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Business or Sport

Updated: Jan 30

It's 1983, you are in England watching India play against West Indies in the 83’ Cricket World Cup Final. A sold-out stadium, which is not a surprise considering the gravity of the game. What else does one notice? Plain white jerseys worn by both teams, with nothing but the cricketing nations logo on it. The billboards, a couple of brands that have advertisements beyond the boundary ropes on fences, that's about it. 

In 2023 we cannot imagine how life would be without numerous advertisements and billboards surrounding us 24/7. Hoardings on every vacant spot, advertising some product or the other and even third umpire replays sponsored by certain brands. If there is an opportunity to commercialise sport, you best believe it's been taken. With sponsors on not just the front, but also the sleeves and back of sports jerseys, people who don’t watch sport often end up associating the team with a brand that's stuck with them. 

Some may see this as growth for sport, money being pumped in and the branding reaching new levels that have never been seen before. But at what point does sport lose what it once brought, the pure emotion of watching a team you would die for play. When does it truly become a business venture rather than a sport? When does a sponsor become bigger than the team itself? In the world of football it's often seen, where club owners disregard the attachment to the sport and are constantly seen trying to make profit rather than produce good performances. Often, this idea of a sporting team becoming a business, runs the club ragged, resulting in loss of love towards the team. This has been documented in the Welcome to Wrexham series, where Wrexham suffered for years due to poor ownership and minimal focus on the sport in itself.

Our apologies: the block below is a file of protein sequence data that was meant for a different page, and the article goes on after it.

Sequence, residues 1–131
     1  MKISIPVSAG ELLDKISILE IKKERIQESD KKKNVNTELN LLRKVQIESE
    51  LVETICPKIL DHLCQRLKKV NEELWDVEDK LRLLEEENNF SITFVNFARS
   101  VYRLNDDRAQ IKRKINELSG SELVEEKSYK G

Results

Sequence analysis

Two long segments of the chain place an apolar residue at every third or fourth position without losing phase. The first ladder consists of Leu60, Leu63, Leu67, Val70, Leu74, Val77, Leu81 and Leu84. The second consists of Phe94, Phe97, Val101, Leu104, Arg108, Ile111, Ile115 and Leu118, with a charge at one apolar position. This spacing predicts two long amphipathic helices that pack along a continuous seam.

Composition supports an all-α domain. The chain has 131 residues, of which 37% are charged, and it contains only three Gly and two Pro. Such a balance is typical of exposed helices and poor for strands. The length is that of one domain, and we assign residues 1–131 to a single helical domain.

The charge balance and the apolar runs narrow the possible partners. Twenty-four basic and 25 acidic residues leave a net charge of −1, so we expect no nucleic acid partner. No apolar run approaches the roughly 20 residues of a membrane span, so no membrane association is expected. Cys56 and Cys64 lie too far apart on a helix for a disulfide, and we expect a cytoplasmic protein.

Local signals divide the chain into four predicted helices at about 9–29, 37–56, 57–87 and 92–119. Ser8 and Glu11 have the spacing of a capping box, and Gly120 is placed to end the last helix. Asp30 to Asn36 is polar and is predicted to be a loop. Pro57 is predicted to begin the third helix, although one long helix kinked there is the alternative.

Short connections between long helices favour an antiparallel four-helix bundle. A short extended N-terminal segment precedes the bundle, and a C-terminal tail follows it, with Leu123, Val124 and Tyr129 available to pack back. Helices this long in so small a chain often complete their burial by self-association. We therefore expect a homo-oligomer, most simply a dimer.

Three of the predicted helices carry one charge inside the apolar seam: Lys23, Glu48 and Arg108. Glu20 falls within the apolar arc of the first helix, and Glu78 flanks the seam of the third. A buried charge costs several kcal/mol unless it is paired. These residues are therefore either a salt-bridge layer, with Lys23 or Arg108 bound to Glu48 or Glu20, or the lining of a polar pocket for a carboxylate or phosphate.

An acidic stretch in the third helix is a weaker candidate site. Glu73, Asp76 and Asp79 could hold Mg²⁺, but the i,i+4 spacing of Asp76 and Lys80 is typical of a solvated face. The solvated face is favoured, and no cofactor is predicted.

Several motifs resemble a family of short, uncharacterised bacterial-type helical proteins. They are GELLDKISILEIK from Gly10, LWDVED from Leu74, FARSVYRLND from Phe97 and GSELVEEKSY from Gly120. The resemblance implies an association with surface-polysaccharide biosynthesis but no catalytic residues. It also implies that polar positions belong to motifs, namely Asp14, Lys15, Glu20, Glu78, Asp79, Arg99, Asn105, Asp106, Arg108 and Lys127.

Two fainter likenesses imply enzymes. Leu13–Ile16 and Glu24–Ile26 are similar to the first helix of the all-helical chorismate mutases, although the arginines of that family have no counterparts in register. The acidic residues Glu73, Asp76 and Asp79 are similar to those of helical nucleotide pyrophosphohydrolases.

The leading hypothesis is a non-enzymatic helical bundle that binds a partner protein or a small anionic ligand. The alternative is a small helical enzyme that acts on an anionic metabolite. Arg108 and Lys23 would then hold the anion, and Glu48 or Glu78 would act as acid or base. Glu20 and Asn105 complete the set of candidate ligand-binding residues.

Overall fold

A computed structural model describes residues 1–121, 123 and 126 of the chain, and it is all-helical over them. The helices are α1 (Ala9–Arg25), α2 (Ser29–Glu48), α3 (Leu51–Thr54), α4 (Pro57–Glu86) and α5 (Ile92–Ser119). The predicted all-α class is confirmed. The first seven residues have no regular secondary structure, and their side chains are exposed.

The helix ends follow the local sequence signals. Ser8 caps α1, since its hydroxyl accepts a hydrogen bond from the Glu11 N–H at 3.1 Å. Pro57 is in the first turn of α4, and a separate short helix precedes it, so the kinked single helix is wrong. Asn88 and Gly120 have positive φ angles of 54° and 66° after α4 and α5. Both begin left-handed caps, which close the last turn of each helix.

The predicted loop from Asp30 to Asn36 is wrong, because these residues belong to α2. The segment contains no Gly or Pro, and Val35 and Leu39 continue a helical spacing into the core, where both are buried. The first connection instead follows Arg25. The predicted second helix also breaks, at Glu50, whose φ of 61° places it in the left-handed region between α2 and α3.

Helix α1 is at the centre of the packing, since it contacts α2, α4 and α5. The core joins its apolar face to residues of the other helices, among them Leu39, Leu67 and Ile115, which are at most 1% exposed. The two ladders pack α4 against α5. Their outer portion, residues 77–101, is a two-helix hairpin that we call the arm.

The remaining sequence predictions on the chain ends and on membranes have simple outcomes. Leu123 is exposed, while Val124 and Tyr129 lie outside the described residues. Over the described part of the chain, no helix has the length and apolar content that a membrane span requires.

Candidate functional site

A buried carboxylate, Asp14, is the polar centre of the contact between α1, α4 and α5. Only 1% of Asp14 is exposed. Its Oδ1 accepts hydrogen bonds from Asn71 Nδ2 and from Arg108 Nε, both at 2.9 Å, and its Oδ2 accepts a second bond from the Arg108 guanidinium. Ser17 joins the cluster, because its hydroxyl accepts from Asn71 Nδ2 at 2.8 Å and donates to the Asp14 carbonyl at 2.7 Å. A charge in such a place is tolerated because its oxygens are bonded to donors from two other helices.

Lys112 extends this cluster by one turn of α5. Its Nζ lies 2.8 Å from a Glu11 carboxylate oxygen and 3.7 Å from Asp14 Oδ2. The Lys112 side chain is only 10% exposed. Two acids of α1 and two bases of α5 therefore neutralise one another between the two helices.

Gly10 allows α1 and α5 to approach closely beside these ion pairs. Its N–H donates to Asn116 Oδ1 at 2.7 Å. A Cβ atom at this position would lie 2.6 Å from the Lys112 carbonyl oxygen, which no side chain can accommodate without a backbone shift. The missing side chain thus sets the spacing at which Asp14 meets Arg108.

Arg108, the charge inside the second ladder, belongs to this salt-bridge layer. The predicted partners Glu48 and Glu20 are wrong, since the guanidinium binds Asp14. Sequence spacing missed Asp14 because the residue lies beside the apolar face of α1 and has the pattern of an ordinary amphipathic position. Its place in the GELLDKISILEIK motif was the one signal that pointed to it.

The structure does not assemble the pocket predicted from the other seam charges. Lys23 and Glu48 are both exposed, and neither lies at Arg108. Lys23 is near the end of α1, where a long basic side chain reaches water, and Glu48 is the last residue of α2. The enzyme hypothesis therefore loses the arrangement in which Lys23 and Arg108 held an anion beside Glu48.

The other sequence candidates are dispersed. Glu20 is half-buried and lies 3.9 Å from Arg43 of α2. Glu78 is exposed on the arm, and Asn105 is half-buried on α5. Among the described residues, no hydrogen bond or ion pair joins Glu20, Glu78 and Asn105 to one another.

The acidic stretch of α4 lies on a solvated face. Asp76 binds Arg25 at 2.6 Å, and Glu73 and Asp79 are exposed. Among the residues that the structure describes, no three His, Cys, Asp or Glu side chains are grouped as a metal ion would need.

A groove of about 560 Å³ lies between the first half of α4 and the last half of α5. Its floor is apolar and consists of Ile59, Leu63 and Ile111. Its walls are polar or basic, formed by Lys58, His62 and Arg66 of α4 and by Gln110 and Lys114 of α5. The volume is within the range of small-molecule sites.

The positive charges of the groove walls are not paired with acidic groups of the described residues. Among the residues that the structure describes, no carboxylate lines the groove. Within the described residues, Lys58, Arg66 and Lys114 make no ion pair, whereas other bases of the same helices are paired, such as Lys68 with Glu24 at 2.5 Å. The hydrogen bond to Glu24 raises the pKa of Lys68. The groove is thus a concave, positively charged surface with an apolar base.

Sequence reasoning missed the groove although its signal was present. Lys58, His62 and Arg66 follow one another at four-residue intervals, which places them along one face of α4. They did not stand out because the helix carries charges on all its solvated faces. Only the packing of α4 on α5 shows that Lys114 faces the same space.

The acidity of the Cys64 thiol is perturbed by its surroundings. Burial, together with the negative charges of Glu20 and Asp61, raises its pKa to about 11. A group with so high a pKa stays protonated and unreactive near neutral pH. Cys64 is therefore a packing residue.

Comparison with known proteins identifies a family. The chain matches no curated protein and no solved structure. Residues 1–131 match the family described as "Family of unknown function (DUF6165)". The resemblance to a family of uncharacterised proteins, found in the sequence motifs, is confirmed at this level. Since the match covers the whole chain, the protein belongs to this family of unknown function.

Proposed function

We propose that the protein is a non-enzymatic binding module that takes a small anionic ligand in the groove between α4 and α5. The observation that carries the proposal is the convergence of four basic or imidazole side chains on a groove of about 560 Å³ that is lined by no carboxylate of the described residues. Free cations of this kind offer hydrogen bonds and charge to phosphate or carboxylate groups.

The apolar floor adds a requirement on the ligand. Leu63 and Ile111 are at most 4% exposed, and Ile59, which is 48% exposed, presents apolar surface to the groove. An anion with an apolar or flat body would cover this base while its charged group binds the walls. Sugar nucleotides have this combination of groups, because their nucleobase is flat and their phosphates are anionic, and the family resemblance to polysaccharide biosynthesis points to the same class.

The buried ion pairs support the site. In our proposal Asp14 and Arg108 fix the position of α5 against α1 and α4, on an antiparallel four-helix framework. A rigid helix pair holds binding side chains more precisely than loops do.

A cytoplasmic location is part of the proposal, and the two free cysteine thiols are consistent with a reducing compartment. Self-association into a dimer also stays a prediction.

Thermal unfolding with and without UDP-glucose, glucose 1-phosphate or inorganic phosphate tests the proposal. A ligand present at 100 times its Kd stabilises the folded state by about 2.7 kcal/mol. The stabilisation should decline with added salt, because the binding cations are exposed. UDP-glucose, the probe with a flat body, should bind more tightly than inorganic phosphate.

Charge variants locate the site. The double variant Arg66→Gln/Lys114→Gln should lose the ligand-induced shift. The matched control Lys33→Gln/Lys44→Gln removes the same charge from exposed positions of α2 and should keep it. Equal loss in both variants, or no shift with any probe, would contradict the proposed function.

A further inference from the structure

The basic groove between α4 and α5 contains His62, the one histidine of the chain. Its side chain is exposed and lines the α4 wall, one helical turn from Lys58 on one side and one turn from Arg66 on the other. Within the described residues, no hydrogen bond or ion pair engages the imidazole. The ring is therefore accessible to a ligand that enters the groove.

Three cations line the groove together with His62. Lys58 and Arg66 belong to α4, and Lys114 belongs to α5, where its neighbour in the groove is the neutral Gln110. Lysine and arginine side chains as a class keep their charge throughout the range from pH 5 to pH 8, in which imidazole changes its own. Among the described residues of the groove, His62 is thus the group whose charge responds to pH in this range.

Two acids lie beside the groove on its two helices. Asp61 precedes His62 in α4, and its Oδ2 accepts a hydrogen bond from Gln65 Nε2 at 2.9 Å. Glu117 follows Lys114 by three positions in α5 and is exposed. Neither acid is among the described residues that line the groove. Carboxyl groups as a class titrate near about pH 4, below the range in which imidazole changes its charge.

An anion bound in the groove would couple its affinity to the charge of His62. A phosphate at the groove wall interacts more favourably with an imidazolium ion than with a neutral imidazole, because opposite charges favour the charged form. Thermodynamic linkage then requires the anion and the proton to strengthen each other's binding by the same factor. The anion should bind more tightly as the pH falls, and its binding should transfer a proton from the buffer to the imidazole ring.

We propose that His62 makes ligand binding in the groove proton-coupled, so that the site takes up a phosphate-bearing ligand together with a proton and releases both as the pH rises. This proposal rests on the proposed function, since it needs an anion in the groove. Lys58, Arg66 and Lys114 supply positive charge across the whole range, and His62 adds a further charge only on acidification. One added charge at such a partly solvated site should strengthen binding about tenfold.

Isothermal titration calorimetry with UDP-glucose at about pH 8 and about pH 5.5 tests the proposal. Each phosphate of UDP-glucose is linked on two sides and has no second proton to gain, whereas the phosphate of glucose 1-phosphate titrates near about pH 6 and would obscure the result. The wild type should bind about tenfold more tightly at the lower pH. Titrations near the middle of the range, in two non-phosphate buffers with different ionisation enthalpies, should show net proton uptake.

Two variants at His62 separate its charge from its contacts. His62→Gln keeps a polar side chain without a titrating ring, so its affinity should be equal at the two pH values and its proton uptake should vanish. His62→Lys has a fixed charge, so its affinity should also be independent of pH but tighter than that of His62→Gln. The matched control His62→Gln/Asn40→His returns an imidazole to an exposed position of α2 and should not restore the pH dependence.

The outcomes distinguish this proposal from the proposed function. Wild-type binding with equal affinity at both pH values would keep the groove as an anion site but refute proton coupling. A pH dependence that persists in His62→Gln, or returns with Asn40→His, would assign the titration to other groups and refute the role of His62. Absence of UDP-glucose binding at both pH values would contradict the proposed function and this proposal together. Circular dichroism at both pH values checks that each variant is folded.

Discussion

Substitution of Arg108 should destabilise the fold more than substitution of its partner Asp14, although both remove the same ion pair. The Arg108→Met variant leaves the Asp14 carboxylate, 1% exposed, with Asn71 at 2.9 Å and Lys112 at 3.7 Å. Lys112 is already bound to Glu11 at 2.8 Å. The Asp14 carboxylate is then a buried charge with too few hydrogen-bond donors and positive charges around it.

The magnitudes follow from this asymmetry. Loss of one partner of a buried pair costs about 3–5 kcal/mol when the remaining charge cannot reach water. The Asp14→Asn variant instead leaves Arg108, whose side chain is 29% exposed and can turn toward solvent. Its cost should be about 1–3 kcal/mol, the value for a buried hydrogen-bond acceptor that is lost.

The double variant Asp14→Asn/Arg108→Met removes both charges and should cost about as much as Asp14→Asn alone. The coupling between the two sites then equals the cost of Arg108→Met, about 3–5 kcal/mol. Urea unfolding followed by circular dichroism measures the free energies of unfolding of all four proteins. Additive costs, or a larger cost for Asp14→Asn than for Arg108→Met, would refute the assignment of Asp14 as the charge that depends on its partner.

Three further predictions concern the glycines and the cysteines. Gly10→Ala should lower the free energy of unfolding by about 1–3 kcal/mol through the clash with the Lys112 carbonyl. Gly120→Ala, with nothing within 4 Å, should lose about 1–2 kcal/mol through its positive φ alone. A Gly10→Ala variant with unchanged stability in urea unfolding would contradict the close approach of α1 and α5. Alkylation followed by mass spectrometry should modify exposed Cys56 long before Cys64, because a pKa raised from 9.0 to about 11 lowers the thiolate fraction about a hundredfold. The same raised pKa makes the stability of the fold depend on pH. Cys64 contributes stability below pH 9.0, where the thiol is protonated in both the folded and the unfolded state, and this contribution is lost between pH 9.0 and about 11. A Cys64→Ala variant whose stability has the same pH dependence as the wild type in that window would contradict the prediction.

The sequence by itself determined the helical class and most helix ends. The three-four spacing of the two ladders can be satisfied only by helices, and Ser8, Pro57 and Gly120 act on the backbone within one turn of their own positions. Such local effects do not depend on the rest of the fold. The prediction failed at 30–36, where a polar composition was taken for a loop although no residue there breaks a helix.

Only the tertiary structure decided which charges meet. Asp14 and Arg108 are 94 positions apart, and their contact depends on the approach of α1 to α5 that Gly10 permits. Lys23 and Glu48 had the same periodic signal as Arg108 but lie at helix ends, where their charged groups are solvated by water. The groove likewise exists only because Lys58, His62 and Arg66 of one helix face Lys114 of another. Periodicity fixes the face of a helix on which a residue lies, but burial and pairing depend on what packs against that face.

Today, it's not just teams but also athletes that are tied up to brands. A sad example is of South Korean footballer Heung Min Son not being allowed to take a selfie with an iPhone, as due to brand obligations with Samsung he isn’t allowed to touch any other device by a different company. 

As we navigate through the complex crossroad of sport and commerce, the primary aim should be preserving the joy of playing and watching sports, and genuine camaraderie, making sure we resist the temptation to solely prioritise profit.

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